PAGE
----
Preliminary Recommendation Integrate with target once target is developed Wind and PV 100 kW and smaller Distribution grid connection only Private individuals, businesses, schools and education facilities, and entities eligible for access to the Green Fund Differentiate by technology and by size Based on generation cost 20 years Fixed payment Adjust for inflation, based on existing practice Recover costs from the Green Fund Guarantee interconnection for generators participating in pilot Interconnection costs should be assumed in the rate setting; T&TEC should fund required grid upgrades Guaranteed purchase with a take or pay provision 100% of electricity should be purchased T&TEC All commodities transfer to T&TEC Standard PPAs should be developed and offered Denominated in US$, consistent with existing PPAs 10 MW threshold triggers a hard cap and a review Value of wear and tear allowance should be subtracted from rate calculations
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APPENDIX I – TARIFF DIFFERENTIATION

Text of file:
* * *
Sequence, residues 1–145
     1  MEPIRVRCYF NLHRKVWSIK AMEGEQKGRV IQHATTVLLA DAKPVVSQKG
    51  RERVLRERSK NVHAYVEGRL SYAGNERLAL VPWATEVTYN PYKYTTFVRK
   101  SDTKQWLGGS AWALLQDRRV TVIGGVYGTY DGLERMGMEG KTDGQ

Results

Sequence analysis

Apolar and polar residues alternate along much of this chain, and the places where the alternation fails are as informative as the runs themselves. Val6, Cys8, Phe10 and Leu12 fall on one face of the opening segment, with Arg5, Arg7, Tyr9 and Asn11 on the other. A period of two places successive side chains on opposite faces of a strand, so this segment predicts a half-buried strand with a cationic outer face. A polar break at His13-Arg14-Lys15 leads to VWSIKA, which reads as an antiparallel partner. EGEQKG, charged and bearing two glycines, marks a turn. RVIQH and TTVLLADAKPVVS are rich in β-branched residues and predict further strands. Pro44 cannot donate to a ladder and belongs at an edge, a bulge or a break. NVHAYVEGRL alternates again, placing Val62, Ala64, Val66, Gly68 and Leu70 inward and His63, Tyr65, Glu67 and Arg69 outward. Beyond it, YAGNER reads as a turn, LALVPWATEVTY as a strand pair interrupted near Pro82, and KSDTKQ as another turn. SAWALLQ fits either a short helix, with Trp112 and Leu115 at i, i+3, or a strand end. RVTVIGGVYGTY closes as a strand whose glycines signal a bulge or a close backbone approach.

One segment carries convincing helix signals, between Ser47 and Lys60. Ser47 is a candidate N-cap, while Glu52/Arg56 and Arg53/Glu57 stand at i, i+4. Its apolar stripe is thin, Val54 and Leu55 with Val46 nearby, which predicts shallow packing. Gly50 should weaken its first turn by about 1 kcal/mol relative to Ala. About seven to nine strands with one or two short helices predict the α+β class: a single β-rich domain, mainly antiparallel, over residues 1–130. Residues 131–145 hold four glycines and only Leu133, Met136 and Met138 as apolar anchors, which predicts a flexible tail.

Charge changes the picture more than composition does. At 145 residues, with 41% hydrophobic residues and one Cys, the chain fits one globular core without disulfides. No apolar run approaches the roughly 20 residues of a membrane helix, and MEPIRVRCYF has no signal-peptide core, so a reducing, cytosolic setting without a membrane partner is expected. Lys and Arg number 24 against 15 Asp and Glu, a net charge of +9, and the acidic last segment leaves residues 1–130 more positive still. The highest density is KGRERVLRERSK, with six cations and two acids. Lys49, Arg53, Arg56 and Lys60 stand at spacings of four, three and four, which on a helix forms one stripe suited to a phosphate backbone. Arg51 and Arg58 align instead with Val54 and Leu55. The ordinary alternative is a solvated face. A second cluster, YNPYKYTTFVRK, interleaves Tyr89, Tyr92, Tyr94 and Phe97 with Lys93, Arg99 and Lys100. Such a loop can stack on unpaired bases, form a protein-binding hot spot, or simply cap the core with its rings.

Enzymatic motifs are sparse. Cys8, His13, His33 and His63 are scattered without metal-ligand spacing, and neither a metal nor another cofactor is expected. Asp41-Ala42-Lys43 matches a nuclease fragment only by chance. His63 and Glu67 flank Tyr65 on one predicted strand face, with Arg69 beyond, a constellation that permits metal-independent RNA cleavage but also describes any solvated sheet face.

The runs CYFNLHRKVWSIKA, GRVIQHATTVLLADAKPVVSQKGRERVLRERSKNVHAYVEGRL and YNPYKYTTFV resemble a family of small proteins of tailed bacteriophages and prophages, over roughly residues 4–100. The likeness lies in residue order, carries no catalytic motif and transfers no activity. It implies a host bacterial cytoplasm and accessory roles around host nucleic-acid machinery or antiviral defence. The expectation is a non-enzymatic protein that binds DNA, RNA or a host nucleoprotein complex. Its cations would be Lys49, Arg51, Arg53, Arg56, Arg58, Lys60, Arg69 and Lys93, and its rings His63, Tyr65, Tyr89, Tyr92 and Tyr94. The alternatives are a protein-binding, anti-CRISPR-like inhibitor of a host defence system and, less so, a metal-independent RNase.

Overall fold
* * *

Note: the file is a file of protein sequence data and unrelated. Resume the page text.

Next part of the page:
This Appendix contains a summary of cost break points for wind and PV generators in order to identify the impact of economies of scale and also to benchmark T&T’ proposed project size differentiation. s Figure 1 below contains results from a database of wind installed costs, drawing on data from the United States and Canada. The Figure below plots US$/MW of installed cost against installed capacity (in MW). The data on small wind turbines was gathered from published literature, as well as from datasets gathered during the FIT rate setting processes in Nova Scotia, Rhode Island, and Vermont. The data on larger wind systems was gathered by the Lawrence Berkeley National Laboratory. As be seen in the graph, there is a marked difference in installed costs between 15 kW and 100 kW systems, and again between 100 kW and 5 MW systems.